TEL AVIV (Dec. 1)
Premier Levi Eshkol today publicly rejected any idea that there might be any change in the United States attitude toward Israel. He said that Israeli-United States relations were based on a wide range of matters, and that an attitude on one point did not necessarily symbolize any basic change in relations.
The Premier expressed this view at the annual Israel Press Luncheon commemorating the United Nations resolution on the partition of Palestine which resulted in the creation of the Jewish State. The one point to which he referred was understood to be the United States resolution adopted by the UN General Assembly reviving a 1948 Assembly resolution proposing repatriation or compensation for the Arab refugees, Israel vigorously opposed the resolution because it failed to mention the possibility of resettlement or reintegration of the refugees in the Arab countries.
The Premier also rejected any suggestion that there was deterioration in Israeli-French relations, saying they were as they had always been. Replying to questions, he said that Israel now deserved, as in 1947, positive recognition by all nations, including the Soviet Union. He said Israel still awaits and hopes for a change in the Soviet attitude toward Israel.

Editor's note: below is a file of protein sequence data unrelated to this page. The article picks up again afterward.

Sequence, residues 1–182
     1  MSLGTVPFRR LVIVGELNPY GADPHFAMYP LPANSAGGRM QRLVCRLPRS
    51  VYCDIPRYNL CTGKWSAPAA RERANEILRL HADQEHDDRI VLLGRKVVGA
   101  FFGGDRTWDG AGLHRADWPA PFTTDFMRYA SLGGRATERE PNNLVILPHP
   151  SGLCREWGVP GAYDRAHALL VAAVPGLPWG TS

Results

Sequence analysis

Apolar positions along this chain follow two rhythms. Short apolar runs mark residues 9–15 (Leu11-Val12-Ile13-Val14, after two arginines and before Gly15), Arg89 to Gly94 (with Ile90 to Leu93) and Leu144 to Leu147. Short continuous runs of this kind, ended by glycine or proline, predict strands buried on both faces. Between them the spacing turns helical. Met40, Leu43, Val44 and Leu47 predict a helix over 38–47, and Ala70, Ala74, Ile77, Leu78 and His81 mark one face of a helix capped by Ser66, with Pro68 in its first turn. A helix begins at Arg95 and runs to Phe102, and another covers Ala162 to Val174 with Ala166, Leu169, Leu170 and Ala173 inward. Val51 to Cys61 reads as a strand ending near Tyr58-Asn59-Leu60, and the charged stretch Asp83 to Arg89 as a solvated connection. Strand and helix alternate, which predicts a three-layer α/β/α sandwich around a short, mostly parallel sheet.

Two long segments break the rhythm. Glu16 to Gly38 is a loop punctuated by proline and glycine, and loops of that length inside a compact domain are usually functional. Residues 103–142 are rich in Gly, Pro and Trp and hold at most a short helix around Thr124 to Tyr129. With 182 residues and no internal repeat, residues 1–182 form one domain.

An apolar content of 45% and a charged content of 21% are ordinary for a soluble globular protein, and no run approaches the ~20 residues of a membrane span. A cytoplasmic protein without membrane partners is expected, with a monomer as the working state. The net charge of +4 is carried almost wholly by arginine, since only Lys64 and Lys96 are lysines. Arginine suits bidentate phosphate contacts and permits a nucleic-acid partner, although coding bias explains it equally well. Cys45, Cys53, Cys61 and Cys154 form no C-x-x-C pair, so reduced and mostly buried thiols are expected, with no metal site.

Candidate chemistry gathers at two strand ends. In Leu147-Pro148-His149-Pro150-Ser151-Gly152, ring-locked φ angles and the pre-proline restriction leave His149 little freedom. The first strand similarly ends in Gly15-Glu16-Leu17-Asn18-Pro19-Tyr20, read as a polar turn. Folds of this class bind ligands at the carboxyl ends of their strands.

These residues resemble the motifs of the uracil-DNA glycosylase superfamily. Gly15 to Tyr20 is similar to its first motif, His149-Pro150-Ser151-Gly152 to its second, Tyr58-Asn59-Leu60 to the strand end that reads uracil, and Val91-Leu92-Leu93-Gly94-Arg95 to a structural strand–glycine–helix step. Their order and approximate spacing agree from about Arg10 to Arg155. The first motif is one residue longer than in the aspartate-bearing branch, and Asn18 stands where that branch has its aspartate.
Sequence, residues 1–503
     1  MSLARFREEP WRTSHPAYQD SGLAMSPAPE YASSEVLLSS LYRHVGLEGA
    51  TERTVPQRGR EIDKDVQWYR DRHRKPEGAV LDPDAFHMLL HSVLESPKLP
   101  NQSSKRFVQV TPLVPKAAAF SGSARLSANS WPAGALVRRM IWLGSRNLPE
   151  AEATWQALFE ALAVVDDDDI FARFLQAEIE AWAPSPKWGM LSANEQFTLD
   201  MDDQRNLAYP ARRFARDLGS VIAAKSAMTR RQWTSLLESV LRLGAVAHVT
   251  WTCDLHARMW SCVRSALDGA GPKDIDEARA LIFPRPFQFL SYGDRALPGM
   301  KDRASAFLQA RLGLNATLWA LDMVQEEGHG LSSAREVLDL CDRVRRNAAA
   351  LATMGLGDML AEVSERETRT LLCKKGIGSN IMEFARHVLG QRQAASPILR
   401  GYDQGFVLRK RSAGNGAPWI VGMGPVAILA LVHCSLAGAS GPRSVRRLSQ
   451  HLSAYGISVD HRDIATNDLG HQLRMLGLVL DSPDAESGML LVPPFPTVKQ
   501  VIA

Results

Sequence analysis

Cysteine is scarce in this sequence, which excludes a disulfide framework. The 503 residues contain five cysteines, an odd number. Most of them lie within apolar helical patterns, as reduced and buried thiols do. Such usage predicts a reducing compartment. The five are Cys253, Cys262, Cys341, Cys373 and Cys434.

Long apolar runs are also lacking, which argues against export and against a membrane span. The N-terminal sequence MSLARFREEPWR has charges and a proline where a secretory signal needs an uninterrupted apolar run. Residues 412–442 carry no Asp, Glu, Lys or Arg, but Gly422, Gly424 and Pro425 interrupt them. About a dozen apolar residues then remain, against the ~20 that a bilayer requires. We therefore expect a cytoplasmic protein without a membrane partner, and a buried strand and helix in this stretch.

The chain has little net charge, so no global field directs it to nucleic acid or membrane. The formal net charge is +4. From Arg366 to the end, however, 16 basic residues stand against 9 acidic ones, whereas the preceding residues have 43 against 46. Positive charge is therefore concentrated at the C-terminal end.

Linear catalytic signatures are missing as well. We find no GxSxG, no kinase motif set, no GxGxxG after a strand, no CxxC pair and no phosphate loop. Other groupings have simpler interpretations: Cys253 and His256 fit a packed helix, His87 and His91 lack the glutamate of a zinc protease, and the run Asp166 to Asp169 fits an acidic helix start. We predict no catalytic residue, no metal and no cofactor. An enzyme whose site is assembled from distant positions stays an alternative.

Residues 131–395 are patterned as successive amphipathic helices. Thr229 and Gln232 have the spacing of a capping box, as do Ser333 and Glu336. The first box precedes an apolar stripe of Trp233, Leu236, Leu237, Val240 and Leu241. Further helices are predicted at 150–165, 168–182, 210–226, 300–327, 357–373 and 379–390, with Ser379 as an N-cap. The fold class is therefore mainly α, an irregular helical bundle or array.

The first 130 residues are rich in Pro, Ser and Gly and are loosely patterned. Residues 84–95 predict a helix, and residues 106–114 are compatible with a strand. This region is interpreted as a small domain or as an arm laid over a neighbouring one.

Referring to the UN debate on the Arab refugees, he said that there had been no retreat in Israel’s basic position in regard to Arab relations when Israel indicated readiness to negotiate with the Arabs separately on the refugee issue. The main point, he said, was that Israel wants to sit down at the same table with the Arabs to negotiate, and that this readiness should be recognized by the Arabs.
He also answered questions about incidents by Orthodox zealots, and said that his Government would follow to the letter the “status quo” in religious controversies. He put special stress on the need for general calm and for playing down what he called “differences.” Declaring that all such issues could be resolved in a “good atmosphere,” he added, however, that the basic lines of his coalition government included opposition to compulsion of any kind, including religious compulsion.